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Who Run The World?

January 19th 2016— Twenty thousand people show up to Columbus Circle in Manhattan and stand for human rights on the eve of Trump's inauguration, an event put together by the mayor of New York, Bill de Blasio.

January 20th 2016— Trump is sworn in as the 45th President Of The United States.

January 21st 2016— The biggest march in U.S history takes place in the name of Women's Rights. An estimate of around one million women took to The National Mall in Washington DC, where the underwhelming Presidential Inauguration took place the day before. Although it is hard to gauge how many people were present in Washington and at the sisters marches across the world, the official Women's March Website estimates around 4.8 million people (and counting) took part in 673 marches in all 50 states and 32 countries, from Belarus to New Zealand — with the largest taking place in D.C.

As I joined the march in New York City through an entrance on 42nd Street and 2nd Avenue, I immediately became emotional and overwhelmed with the amount of love and support in the air. Being enveloped by 400,000 peaceful protesters—amongst them fathers, grandmothers, differently abled people, women, kids— was something I had absolutely needed to feel during such a rough, hostile time for the world.

People were passionately chanting and reassuring one another, "We will not go away, welcome to your first day!" "THIS is what democracy looks like!", and held up signs reading all kinds of clever slogans like "Ovary Squad", "Make Racism Wrong Again", "Fight like a Girl", "Girls just wanna have FUNdamental Rights", "A women's place is in the house and senate" and of course Beyonce was ever present with signs like "OK ladies now lets get in formation!" and "WHO RUN THE WORLD!".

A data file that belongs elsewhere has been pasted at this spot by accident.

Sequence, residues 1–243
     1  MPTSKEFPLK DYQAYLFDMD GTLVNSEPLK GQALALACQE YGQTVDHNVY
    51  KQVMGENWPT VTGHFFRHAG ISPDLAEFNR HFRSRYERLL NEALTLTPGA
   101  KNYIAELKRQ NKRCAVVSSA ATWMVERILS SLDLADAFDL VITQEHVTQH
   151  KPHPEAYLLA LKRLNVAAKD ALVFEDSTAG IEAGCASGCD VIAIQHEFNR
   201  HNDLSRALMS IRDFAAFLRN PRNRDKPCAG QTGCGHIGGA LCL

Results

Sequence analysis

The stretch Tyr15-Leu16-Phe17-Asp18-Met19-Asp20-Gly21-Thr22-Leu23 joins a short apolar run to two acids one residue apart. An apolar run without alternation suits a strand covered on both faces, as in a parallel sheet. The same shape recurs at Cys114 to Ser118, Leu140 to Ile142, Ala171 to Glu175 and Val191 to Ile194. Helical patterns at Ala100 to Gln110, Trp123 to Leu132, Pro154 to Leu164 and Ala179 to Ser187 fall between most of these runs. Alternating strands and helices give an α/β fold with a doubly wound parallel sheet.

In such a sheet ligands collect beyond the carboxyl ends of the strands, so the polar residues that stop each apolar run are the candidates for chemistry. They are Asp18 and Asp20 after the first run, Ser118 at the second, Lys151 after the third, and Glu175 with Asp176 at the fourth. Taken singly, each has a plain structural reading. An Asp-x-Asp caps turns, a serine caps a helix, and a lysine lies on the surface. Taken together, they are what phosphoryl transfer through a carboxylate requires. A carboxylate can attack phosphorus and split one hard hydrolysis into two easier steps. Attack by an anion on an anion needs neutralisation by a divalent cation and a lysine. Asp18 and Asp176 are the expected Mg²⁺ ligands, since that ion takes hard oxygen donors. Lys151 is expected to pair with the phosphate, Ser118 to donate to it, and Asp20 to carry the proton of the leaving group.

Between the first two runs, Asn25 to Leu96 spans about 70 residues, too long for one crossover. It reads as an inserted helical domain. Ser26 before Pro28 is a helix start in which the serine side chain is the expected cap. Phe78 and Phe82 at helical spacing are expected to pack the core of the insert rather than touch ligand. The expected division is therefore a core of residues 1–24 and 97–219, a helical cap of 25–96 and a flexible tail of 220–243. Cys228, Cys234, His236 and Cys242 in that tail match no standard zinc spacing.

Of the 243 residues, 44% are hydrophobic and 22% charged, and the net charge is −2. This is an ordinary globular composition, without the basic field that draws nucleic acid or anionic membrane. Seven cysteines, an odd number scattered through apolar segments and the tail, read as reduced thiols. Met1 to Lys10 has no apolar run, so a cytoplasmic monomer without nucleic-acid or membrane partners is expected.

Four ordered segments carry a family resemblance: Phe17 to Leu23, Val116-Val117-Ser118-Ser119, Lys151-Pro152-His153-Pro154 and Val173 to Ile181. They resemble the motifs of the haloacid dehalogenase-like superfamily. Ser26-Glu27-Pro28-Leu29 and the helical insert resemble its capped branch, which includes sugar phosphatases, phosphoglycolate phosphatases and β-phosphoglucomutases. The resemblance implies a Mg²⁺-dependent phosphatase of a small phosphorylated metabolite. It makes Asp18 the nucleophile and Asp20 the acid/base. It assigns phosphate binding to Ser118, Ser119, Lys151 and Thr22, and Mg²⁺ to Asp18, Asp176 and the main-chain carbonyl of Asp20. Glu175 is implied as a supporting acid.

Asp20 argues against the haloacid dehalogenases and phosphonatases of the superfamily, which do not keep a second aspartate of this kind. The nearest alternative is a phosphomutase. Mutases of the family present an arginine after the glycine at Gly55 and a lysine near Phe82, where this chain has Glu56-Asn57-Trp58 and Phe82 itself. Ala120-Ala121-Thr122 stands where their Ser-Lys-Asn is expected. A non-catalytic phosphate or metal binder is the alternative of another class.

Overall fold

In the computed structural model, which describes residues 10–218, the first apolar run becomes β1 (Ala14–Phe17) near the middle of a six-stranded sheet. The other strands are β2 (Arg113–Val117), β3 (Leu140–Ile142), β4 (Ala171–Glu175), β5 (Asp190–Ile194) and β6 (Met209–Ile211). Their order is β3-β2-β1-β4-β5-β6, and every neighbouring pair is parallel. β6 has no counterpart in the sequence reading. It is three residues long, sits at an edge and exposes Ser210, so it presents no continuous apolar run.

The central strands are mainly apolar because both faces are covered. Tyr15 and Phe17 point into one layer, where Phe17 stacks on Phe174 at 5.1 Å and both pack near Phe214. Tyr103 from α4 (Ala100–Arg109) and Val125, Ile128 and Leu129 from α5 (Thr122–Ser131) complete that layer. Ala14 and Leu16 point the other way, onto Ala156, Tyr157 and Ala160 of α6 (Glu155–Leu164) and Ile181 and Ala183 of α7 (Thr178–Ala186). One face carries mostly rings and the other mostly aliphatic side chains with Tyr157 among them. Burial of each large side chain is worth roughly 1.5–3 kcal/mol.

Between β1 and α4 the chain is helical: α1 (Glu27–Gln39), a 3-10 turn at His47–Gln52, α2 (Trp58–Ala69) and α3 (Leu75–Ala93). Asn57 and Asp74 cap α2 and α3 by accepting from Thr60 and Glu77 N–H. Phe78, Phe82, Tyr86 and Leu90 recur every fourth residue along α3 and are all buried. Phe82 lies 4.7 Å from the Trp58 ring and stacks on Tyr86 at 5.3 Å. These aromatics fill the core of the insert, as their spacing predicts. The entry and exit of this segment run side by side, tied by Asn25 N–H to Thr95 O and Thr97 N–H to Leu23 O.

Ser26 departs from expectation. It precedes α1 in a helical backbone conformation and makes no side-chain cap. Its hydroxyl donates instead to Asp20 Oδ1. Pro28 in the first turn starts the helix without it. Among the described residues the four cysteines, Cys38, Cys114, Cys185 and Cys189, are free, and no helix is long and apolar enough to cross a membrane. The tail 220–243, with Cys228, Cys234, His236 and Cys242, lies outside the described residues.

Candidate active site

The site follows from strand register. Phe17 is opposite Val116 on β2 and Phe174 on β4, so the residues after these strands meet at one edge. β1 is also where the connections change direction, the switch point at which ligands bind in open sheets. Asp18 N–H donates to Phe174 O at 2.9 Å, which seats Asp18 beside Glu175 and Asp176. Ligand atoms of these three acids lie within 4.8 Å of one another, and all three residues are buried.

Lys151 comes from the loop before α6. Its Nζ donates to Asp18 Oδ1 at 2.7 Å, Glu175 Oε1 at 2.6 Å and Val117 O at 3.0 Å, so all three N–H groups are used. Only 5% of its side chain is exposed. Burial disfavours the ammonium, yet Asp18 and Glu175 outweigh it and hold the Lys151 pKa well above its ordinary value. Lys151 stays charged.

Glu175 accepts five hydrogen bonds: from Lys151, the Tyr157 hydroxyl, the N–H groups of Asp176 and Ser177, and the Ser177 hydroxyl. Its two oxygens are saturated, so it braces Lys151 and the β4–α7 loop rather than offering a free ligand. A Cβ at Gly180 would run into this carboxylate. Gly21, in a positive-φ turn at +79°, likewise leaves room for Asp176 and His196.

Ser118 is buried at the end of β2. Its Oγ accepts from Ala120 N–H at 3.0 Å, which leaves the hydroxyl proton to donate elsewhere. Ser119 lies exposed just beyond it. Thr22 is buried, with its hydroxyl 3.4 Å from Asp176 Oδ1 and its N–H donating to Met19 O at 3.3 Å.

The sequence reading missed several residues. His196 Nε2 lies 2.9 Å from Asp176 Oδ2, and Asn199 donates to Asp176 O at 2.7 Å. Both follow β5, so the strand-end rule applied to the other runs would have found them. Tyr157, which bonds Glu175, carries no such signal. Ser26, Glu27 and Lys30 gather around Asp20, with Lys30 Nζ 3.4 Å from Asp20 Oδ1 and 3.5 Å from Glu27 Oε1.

As scary as it is for such a deplorable person to be sworn in as the president of one of the most powerful countries in the world— a country that oftentimes symbolized hope and freedom to millions of people under oppressive governments — this weekend was a little more tolerable feeling the presence and warmth of other compassionate beings, all walking together, there for one another.

As we reached the end of the march, The Trump Tower on Fifth Avenue—which had been fenced off from the crowds a couple of blocks south— marchers were dropping off their creative, colorful, badass signs at the foot of the fence. As we exited everyone was taking their time reading the signs and honoring them, and as if we were all mourning the loss of a loved one, we dropped our signs in silence and left. As we were walking away, I happened to catch a glimpse of a small piece of paper amongst all the posters that read "This is YOUR wall", and it was. It is the wall that the people of the world have erected with nothing more than love and a fiery anger in their hearts to protect one another from anyone or anything that wants to tear this country, its principles, and its beautiful people apart.

Photos by Julia de la Torre for Howl Magazine©




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